California specifically requires cannabis products to be subjected to rigorous residual solvent tests before it reaches the final consumer. The testing is expected to be performed for cannabis extracts such as waxes, shatters, oils, and concentrates, among others.
This is because various chemical solvents go into different types of extractions to produce concentrated cannabis products, and most of them can cause harm to the body when inhaled. Repeated exposure to these residual solvents can lead to nausea, allergic reactions, headaches, and even life-threatening illnesses.
For instance, Butane can damage the liver, cause kidney failure, break down the nervous system, and lead to respiratory failure. Acetone, on the other hand, could cause vomiting, dizziness, irritation of the nasal and throat passages vomiting, eye damage, confusion, or even lead to unconsciousness.
Some residual solvents that are connected with cannabinoid extraction are Ethanol, Hexane, Propane, Heptane, and Isopropanol.
They are typically deployed while extracting cannabinoids from the physical plant material, and are of three major categories:
First, Class 1. These solvents are environmental hazards, known carcinogens, and suspected carcinogens and should therefore be completely avoided. They should never be active in a cannabis product as they could result in serious health conditions. Butane and Propane are examples of Class 1 solvents.
Second, Class 2. These solvents are to be limited. They are potential causative agents or other destructive toxicity such as neurotoxicity. These substances may only be present in low volume in finished hemp and cannabis products as they cause cancerous effects in animals or maybe reversible neurotoxins. Ethanol is a popular example.
Third, Class 3. These solvents contain a low level of toxicity that has not shown to be detrimental to both humans and animals. The only solvent used for cannabinoid extraction and cannabis materials. CO2 and water are examples of class 3 solvents, and while they can be actively present in finished products, they do not cause harm or contamination risks.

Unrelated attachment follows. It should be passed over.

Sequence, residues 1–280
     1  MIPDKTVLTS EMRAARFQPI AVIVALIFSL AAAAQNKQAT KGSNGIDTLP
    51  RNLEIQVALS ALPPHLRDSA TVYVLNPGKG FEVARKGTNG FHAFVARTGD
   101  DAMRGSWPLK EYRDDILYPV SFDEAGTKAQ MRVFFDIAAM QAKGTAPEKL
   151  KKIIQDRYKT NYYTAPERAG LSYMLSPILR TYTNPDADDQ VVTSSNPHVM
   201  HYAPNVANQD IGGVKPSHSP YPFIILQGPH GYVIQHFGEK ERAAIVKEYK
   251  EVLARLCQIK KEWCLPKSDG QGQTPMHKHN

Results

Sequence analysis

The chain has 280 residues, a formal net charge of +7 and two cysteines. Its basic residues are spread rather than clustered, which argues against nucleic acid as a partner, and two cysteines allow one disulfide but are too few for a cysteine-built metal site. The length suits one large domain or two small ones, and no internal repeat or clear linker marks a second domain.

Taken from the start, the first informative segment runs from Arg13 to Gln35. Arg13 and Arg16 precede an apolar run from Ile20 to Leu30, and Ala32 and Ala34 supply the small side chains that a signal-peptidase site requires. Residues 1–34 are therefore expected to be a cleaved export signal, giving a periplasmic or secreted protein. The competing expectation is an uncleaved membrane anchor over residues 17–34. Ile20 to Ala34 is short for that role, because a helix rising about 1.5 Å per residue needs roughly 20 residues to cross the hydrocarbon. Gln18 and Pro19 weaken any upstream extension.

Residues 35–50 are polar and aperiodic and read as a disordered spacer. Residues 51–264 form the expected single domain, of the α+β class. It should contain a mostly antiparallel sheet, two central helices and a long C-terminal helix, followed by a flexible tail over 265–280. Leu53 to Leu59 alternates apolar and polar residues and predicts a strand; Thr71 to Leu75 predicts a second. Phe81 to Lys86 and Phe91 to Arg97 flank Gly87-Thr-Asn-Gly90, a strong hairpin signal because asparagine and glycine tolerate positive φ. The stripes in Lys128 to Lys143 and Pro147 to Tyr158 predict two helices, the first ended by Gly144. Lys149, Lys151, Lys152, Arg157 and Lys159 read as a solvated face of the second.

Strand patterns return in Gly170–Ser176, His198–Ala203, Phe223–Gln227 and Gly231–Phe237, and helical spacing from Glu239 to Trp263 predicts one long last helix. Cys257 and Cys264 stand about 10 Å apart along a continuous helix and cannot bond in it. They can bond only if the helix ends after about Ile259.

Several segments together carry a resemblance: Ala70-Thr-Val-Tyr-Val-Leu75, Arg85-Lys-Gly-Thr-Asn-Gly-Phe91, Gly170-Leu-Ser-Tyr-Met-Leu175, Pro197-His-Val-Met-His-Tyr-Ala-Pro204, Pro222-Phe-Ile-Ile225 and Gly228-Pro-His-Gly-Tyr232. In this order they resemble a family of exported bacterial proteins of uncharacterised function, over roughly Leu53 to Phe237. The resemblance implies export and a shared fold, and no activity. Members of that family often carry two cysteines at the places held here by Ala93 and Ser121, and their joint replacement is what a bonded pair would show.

What are Residual Solvents?
According to the Food and Drug Administration (FDA), residual or leftover solvents are chemicals that remain after the Cannabis sativa extraction process and are used in preparing supplements and pharmaceutical products.
They are usually needed to liberate oils such as terpenes and cannabinoids from the plant materials used in their production. But while some of these are known to cause hazards such as lung damage, neurological damage, and cancer in users, others are essentially harmless.
In essence, a manufacturer should endeavor to deliver products that are void of residual solvents.
The Major Risks of Residual Solvents in Cannabis Products
To understand how highly placed manufacturers and consumers should place residual solvent testing, it is necessary to consider the risks associated with inhaling or consuming them. So, when products are not regulated or tested, some risks cannabis solvents pose to you include:
There is quite an intense debate around the butane risks since the long-term effects have not been fully established. However, some evidence has shown that butane can result in organ failure and high exposure could cause cardiac issues.
Benzene causes damage to the consumer’s immune system, affects the bone marrow, and negatively impacts neurological function. Some of its side effects include high-level drowsiness, dizziness, and leukemia or anemia when exposed to large amounts.
Ethanol ingested in little amounts will not likely cause long-term issues even for a consumer. However, a study showed that ethanol has some potentially harmful effects when inhaled, and they include tolerance, dependence, or cravings.
Hexane is a Class 2 solvent with comparable side effects. When hexane is inhaled, it can result in severe headaches, nausea, vomiting, and dizziness, and can also inhibit the central nervous system’s functions.
Also a Class 2 solvent. It can depress certain working parts of the central nervous system when vaporized. If a consumer gets highly exposed to xylene, they can suffer symptoms such as nausea, headaches, vomiting, dizziness, and a host of others.
Improving Residual Solvents Testing
To place yourself in the industry as a reputable manufacturer or supplier, you must perform rigorous cannabis lab testing in licensed third-party testing laboratories like BelCosta Labs.
Beyond your reputation, this is also necessary for compliance and quality assurance or R&D purposes. Carry out internal quality assurance tests to uncover small batches of your oil products or extracted concentrate for residual solvents to know if there’ll be a need to change or enhance your systems and processes.